Charley Bit Me!

I’m referring to charley, the horse, not Charlie the baby — a charley horse!

This past Sunday I ran my first road race of 2011, the Credit Union Cherry Blossom 10 Mile Run. I finished within my projected time at 1:29:43 (I might have / probably would have PR’d if I didn’t have to use the porta-potty at the 4th mile, but that’s life).

Here are some fun running stats via RunPix.

Anyway, about 2 minutes after I crossed the finish line, I experienced one of the most debilitating charley horses of my life in my right calf. To my surprise, I was not the only one to have experienced this post-race.

So naturally, I Googled it and I shall share my findings here.

The 4 Ws [Ref: NYTimes]

What: A charley horse is usually referred to as a muscle spasm that occurs in the leg.

Where: Calf or thigh.

When/Why: 1) Muscle is overused. 2) Muscle is injured. 3) Dehydration. 4) Low levels of potassium or calcium.

Given these choices, I’m pretty sure my calf muscle was overused (especially with the style of running I practice), I was very likely dehydrated, and also low on potassium. One banana ain’t gonna cut it for 90 minutes of running! I shall see if I can prevent this in the future.

Tips for controlling the cramp via TopEndSports:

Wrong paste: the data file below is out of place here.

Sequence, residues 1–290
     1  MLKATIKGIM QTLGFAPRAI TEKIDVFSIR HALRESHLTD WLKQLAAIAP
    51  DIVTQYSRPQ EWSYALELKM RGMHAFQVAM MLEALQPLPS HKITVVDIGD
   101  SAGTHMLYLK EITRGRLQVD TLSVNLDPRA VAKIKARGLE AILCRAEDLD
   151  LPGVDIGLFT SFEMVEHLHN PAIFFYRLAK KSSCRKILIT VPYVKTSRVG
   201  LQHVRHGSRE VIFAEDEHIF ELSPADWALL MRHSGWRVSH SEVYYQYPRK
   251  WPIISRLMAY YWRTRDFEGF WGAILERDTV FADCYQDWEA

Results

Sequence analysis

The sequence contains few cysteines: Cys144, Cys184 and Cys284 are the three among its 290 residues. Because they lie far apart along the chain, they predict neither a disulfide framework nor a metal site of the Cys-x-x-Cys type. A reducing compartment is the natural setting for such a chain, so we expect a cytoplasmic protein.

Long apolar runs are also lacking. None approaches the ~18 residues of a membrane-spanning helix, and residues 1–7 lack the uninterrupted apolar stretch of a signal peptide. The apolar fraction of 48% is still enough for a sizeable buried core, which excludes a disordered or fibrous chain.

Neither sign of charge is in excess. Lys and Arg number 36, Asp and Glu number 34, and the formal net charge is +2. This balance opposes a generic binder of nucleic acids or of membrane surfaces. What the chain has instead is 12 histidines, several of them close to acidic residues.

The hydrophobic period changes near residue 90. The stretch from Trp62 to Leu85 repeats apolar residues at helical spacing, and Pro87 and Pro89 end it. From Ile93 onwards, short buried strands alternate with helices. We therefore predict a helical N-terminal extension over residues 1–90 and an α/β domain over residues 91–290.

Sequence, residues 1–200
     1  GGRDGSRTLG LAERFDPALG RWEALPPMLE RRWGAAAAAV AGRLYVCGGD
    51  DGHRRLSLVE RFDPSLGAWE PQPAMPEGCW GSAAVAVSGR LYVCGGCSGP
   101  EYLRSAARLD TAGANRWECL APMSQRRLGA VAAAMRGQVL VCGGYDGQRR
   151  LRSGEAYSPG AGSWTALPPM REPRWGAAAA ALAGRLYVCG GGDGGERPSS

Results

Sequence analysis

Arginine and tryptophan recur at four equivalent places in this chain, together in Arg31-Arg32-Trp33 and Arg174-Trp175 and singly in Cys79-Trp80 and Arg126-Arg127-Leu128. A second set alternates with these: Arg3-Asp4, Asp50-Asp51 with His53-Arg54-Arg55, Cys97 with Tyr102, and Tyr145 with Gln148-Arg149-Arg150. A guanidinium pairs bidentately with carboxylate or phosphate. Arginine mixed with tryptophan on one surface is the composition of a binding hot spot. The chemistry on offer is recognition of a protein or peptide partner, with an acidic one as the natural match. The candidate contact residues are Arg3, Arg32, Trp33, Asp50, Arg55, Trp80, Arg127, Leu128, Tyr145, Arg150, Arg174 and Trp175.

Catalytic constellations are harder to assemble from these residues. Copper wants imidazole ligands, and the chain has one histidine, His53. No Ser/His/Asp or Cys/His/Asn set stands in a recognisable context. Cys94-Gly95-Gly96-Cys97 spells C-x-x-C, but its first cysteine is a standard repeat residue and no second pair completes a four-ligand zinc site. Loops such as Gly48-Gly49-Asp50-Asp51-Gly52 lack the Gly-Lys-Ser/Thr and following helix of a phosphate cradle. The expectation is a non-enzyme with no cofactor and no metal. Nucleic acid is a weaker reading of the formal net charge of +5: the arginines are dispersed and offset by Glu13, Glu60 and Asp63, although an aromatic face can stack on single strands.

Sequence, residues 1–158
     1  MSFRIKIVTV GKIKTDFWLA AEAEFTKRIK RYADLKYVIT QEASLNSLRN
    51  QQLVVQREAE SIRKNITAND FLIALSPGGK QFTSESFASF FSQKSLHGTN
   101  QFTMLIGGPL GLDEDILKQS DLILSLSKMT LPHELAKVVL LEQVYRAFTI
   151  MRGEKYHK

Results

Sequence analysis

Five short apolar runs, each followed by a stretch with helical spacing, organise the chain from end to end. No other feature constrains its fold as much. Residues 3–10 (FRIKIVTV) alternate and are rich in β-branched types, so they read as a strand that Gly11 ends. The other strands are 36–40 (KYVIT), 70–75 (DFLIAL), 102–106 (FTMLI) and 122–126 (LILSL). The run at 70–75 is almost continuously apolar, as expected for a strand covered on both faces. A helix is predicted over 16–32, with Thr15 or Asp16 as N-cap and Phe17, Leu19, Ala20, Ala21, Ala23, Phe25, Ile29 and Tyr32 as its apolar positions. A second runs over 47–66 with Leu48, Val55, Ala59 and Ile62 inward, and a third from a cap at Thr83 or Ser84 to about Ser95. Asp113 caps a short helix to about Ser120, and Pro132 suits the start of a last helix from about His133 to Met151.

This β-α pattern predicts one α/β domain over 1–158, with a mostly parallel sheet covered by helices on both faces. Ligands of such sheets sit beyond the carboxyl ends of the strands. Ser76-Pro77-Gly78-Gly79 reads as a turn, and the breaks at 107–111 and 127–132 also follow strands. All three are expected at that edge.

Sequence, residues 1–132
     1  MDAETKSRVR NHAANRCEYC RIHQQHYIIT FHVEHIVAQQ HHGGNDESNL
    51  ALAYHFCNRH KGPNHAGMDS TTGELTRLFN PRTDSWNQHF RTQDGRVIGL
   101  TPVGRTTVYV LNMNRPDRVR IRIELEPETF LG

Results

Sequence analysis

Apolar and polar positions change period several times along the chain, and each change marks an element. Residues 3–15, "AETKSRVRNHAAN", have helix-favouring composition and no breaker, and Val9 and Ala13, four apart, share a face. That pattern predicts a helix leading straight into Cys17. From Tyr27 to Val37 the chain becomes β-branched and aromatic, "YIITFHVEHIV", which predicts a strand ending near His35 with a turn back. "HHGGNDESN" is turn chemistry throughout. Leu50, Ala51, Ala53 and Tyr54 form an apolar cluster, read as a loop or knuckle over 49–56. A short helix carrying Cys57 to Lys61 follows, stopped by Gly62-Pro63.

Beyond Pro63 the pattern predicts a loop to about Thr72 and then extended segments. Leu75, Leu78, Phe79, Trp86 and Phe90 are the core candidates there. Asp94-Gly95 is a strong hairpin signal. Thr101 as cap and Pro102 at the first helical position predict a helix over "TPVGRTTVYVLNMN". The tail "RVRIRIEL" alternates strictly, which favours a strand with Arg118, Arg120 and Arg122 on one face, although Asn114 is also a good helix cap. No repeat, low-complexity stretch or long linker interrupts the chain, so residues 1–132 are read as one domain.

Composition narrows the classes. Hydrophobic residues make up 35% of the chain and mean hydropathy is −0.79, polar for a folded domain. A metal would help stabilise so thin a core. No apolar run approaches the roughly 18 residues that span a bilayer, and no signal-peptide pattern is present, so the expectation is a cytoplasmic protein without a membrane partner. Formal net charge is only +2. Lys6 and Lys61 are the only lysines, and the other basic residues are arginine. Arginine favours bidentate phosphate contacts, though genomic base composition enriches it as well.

the muscle is trying to contract violently. Muscles will never stop a contraction in the middle, it has an “all or nothing” system. A muscle fiber contracts fully, or not at all. If you try to stretch it out, while the muscle is trying to contract, you will tear fibers. You need to assist the muscle in its contraction BEFORE you can stretch it without injury.

When the muscle goes into this cramp, tightly grab your calf with your hands: one hand at the top of the calf, just below the knee; and the other hand at the bottom of the muscle, at the top of the achilles tendon just above the ankle. Now, help the muscle complete it’s contraction by pushing your hands together. This will be extremely painful, but only for a few seconds. Next, just release your hands, and then replace them in the same positions. Now, again push your hands together, this time it won’t hurt nearly as much. You are now assisting any last fibers to finish their contraction. Take a few breathes, get back your oxygen that was lost while you were breathing heavily during the pain.

Now you can safely stretch the muscle.

Further Reading:

Here’s to future races without cramps or spasms!

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